Study Compares Radial vs. Femoral Approach in Women Undergoing PCI
In women undergoing percutaneous coronary intervention (PCI), a radial approach does not significantly reduce bleeding or vascular complications, compared to a femoral approach, according to a study published Aug. 18 in JACC: Cardiovascular Interventions.
The study was led by Sunil V. Rao, MD, FACC, the Duke Clinical Research Institute, Durham, NC, and randomized 1,787 women undergoing cardiac catheterization or PCI to radial or femoral arterial access. Data from the ACC's CathPCI Registry and trial-specific data from the SAFE-PCI for Women trial were merged into a final study database.
While the SAFE-PCI for Women trial was stopped early for a lower than expected event rate, initial findings showed no significant difference in major bleeding or vascular complications requiring interventions between radial or femoral access among women undergoing PCI (radial 1.2 percent vs. 2.9 percent femoral). However, according to results from the larger sample size of women undergoing cardiac catheterization or PCI, radial access significantly reduced bleeding or vascular complications. The study also indicated access site crossover to be significantly higher among women assigned to radial access (6.1 percent vs. 1.7 percent). In addition, more women preferred radial access.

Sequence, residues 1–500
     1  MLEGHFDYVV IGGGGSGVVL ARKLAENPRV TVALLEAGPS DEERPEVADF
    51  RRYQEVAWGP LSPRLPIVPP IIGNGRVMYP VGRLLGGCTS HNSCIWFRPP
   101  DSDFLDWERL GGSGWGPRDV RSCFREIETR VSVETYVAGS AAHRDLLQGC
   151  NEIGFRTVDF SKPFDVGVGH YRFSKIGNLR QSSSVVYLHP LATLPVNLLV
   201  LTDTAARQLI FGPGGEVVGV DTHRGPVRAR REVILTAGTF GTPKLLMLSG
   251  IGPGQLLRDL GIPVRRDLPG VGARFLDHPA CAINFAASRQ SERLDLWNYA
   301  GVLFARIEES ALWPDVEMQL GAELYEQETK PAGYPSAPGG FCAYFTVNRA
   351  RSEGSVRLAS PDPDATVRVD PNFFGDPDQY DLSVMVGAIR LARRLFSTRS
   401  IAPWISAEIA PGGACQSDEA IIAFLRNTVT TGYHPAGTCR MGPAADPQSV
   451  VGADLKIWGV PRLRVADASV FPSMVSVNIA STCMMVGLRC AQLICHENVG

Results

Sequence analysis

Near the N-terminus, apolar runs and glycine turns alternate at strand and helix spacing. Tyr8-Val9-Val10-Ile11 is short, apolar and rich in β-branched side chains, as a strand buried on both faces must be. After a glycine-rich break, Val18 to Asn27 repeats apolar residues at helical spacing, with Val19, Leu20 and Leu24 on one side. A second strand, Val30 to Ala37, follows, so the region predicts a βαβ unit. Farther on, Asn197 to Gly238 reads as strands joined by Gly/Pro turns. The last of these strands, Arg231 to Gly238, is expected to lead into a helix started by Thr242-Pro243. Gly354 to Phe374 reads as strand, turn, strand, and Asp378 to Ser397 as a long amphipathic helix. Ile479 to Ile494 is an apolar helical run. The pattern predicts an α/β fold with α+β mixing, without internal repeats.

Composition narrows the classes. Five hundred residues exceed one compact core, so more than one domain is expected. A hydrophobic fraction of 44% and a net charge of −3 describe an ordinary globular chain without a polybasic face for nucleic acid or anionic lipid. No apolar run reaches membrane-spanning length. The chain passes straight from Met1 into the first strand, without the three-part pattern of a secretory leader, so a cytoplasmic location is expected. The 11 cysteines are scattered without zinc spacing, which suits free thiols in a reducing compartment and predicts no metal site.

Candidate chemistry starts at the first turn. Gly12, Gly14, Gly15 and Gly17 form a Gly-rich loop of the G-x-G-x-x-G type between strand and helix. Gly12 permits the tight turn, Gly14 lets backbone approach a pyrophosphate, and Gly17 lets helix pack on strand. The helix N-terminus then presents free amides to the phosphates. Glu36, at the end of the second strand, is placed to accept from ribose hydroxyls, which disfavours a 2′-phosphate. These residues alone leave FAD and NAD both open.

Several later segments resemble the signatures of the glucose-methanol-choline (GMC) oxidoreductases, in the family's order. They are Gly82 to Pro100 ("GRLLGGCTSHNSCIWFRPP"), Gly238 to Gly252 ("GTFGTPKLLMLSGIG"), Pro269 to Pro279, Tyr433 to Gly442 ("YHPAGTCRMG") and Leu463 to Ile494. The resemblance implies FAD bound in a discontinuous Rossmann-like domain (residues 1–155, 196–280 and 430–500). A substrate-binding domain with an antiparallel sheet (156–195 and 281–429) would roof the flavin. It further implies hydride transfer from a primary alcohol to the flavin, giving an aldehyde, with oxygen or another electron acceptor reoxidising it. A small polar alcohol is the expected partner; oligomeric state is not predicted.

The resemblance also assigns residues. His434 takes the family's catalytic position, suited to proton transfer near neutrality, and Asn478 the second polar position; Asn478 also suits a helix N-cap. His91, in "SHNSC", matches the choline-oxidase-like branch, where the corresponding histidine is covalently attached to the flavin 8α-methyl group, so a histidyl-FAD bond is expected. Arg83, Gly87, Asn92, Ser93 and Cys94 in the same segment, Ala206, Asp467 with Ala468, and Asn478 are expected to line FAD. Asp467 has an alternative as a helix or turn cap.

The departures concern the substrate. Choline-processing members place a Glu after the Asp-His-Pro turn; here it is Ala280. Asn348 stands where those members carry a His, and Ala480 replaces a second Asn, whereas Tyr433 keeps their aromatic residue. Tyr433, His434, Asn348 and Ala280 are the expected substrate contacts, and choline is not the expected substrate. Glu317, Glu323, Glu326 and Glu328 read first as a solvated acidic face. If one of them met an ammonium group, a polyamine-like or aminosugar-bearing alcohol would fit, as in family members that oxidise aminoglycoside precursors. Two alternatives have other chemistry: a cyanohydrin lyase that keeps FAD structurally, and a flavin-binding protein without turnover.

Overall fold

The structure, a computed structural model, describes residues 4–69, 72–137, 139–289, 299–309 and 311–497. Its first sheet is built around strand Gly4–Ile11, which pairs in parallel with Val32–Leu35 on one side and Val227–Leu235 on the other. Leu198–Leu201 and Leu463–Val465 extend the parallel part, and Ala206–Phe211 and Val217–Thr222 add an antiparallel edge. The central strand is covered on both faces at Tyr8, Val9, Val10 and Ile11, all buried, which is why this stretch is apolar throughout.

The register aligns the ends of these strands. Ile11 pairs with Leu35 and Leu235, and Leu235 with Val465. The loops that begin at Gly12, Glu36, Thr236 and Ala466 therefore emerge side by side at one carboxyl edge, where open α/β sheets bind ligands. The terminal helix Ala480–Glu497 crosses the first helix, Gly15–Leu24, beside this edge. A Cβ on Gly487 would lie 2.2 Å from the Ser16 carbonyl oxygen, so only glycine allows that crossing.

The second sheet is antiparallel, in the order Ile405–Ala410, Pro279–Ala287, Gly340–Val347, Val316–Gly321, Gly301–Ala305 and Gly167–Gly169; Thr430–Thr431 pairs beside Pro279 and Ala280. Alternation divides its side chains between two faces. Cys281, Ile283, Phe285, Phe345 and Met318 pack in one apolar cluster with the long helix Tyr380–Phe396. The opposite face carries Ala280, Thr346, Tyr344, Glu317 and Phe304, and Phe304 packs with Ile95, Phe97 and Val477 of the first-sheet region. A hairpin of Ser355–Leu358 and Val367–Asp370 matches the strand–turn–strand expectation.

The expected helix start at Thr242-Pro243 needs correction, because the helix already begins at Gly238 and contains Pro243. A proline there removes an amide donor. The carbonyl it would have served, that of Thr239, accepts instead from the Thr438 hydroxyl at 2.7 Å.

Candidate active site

"The SAFE-PCI for Women trial represents several ‘firsts' for clinical trials," the study investigators note. "It is the first U.S.-based multicenter, prospective, randomized trial comparing radial and femoral approaches to cardiac catheterization or PCI and is the first randomized trial of PCI strategies performed solely in women. In addition, it is the first registry-based trial in the U.S. with patient-level randomization." They add that moving forward, their study "demonstrates a new paradigm for conducting efficient pragmatic clinical trials."
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